- Lightweight, single-use plastic bag ban due to come into effect on July 1, 2018
- Public submissions now open for upcoming plastic bag ban
- Feedback welcome via online survey or written submission
Western Australians are being urged to start changing their plastic bag use with less than six months to go until the ban on lightweight, single-use plastic bags is due to come into effect.
Public submissions have also opened on the plastic bags ban and can be made via an online survey or by written submission.
A discussion paper, Implementing a lightweight single-use plastic bag ban in Western Australia, is open for public comment until March 9, 2018.
The discussion paper, prepared by the Department of Water and Environmental Regulation and the Boomerang Alliance, seeks feedback on the plastic bag ban and implementation options designed to assist retailers and consumers.
The ban will bring Western Australia into line with South Australia, Tasmania, the Northern Territory and the Australian Capital Territory which already have plastic bag bans in place. Queensland has also committed to a ban from July 1, 2018.
A November 2017 survey of WA households found that 84 per cent of respondents support a ban on lightweight, single-use plastic bags.
It is estimated that Western Australians used about 360 million single-use plastic bags in 2017.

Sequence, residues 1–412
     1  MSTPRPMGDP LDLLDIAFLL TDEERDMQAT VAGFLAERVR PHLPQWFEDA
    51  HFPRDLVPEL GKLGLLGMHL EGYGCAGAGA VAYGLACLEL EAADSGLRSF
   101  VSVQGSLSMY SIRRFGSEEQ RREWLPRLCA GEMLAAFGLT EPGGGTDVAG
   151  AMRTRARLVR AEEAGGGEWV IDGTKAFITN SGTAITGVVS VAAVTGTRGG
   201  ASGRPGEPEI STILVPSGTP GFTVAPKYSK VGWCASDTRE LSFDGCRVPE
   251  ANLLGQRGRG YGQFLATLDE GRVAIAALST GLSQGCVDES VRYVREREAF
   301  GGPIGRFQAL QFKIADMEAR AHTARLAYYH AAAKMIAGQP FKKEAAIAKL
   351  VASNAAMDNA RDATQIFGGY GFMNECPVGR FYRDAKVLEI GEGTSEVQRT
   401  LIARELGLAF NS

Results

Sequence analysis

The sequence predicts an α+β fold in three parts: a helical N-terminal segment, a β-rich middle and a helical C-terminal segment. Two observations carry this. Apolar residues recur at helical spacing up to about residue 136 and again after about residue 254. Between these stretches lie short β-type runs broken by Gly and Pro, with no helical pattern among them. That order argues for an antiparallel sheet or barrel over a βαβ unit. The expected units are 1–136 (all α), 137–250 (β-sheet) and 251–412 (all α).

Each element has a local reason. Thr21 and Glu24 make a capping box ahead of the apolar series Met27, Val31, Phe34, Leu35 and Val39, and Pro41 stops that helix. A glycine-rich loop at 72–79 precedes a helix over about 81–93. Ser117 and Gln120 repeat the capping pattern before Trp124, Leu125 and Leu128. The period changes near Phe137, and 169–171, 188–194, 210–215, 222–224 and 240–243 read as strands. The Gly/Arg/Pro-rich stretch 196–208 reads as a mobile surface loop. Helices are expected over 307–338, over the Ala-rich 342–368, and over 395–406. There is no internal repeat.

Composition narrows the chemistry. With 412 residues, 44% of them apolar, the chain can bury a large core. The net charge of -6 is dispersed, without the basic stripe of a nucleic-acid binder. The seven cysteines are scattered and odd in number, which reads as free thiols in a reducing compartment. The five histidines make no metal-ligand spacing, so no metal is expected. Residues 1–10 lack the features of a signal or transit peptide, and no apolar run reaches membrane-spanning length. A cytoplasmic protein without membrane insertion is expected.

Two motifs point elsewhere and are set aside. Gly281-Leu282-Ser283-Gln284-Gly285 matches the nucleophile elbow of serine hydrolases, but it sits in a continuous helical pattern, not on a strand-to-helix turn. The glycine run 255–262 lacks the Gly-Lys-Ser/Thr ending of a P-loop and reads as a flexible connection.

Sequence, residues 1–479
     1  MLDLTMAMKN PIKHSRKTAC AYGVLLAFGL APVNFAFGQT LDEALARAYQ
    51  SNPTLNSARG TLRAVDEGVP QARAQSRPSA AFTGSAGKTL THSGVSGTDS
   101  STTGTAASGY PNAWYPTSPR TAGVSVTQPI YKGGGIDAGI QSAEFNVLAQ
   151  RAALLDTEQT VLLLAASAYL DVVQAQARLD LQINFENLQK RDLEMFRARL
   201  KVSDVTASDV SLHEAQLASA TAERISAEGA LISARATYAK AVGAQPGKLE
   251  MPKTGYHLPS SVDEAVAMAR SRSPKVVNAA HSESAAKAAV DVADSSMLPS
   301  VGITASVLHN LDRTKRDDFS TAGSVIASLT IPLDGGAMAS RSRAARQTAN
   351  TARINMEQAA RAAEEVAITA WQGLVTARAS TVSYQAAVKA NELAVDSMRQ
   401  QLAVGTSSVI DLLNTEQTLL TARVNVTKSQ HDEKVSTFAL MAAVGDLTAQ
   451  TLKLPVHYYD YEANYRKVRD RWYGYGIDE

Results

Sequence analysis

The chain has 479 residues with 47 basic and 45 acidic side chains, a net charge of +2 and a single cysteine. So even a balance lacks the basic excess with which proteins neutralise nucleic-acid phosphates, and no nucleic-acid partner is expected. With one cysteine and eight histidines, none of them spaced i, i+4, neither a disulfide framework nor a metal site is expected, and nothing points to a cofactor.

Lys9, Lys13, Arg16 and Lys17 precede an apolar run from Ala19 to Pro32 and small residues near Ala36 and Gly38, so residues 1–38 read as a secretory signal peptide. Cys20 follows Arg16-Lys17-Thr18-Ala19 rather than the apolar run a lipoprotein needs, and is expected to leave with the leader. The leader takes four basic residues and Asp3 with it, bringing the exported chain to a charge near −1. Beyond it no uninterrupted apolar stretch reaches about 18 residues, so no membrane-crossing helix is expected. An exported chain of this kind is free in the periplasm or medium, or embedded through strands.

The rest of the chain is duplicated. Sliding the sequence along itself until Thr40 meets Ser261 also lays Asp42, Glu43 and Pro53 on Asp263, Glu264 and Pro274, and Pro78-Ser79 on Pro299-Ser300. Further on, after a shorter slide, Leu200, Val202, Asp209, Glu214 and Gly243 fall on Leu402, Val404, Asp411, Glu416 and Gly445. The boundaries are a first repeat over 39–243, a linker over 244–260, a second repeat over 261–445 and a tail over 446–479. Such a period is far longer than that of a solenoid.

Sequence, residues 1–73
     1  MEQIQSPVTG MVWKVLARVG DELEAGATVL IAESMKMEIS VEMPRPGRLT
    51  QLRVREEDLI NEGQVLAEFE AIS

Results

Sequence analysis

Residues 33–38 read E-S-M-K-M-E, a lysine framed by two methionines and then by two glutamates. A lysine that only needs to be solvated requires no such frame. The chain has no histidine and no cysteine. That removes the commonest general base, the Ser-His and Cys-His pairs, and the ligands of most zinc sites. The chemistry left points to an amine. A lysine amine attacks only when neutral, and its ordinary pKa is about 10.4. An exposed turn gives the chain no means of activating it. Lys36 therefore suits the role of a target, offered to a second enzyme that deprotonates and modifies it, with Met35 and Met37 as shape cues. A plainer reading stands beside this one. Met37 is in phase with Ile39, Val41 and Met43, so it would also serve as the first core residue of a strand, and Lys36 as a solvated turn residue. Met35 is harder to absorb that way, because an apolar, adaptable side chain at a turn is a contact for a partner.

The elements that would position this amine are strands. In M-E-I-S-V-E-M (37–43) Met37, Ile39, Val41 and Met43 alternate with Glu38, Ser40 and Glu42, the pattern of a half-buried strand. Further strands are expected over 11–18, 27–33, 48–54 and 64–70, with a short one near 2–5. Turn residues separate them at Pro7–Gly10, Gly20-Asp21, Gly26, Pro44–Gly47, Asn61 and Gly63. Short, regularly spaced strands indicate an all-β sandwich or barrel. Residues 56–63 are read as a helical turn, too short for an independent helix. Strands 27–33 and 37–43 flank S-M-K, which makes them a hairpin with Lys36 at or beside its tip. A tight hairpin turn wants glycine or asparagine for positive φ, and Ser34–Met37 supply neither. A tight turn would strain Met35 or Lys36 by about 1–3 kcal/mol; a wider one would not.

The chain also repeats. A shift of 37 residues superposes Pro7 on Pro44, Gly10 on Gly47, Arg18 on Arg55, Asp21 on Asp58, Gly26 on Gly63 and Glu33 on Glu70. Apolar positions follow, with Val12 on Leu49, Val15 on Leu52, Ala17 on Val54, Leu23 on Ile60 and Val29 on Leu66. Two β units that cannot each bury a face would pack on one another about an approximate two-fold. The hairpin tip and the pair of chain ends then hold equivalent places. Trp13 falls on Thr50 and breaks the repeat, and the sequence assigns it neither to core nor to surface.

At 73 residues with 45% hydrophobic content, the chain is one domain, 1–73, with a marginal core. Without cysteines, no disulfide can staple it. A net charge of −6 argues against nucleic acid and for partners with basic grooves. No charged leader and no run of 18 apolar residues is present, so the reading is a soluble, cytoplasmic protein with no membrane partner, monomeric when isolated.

These bags have an average useful life of 12 minutes and in Western Australia about five million are littered annually, which leads to a devastating impact on marine wildlife and birds.
For more information and to contribute to the discussion paper, visit http://www.dwer.wa.gov.au/plastic_bag_ban
Comments attributed to Environment Minister Stephen Dawson:
"The Government's plastic bag ban is widely supported by the community and industry.
"This includes major retailers which are some of the biggest suppliers of plastic shopping bags.
"A recent survey showed 84 per cent of Western Australians supported a ban on lightweight, single-use plastic bags.
"Major supermarkets - Coles, Woolworths and IGA - intend to ban lightweight, single-use plastic bags while some retailers - including Bunnings and Aldi - already support the ban by not offering these bags to customers.
"The discussion paper gives the community an opportunity to be part of efforts to reduce the impact of plastic bags on our environment.
"This Government is committed to reducing the amount of waste generated, increasing the amount of material recovered and reducing the disposal of waste to landfill, as well as decreasing littering. This initiative will help us achieve these goals."
Minister's office - 6552 5800